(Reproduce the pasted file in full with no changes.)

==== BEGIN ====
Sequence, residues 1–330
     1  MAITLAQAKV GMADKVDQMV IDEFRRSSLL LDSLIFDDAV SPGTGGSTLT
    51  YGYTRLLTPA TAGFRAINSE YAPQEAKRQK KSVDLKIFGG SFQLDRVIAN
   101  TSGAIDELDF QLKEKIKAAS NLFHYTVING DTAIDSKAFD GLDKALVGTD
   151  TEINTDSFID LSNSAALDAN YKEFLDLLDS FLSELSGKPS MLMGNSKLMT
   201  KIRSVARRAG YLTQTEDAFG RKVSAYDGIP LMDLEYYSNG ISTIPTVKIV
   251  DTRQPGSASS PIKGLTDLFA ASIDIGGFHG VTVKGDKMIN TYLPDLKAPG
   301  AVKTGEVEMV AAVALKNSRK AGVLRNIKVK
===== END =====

Sequence, residues 1–330
     1  MAITLAQAKV GMADKVDQMV IDEFRRSSLL LDSLIFDDAV SPGTGGSTLT
    51  YGYTRLLTPA TAGFRAINSE YAPQEAKRQK KSVDLKIFGG SFQLDRVIAN
   101  TSGAIDELDF QLKEKIKAAS NLFHYTVING DTAIDSKAFD GLDKALVGTD
   151  TEINTDSFID LSNSAALDAN YKEFLDLLDS FLSELSGKPS MLMGNSKLMT
   201  KIRSVARRAG YLTQTEDAFG RKVSAYDGIP LMDLEYYSNG ISTIPTVKIV
   251  DTRQPGSASS PIKGLTDLFA ASIDIGGFHG VTVKGDKMIN TYLPDLKAPG
   301  AVKTGEVEMV AAVALKNSRK AGVLRNIKVK